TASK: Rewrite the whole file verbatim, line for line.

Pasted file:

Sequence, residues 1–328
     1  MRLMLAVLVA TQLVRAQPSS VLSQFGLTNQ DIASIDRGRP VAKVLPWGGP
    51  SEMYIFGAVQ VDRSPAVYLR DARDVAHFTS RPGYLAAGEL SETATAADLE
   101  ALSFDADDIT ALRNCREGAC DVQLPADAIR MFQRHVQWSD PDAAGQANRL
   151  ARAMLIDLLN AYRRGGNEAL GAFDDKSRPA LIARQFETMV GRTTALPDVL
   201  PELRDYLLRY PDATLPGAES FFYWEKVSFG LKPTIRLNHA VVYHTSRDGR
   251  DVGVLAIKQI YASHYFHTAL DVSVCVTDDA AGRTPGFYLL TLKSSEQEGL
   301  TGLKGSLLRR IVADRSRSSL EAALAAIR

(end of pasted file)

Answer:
Sequence, residues 1–328
     1  MRLMLAVLVA TQLVRAQPSS VLSQFGLTNQ DIASIDRGRP VAKVLPWGGP
    51  SEMYIFGAVQ VDRSPAVYLR DARDVAHFTS RPGYLAAGEL SETATAADLE
   101  ALSFDADDIT ALRNCREGAC DVQLPADAIR MFQRHVQWSD PDAAGQANRL
   151  ARAMLIDLLN AYRRGGNEAL GAFDDKSRPA LIARQFETMV GRTTALPDVL
   201  PELRDYLLRY PDATLPGAES FFYWEKVSFG LKPTIRLNHA VVYHTSRDGR
   251  DVGVLAIKQI YASHYFHTAL DVSVCVTDDA AGRTPGFYLL TLKSSEQEGL
   301  TGLKGSLLRR IVADRSRSSL EAALAAIR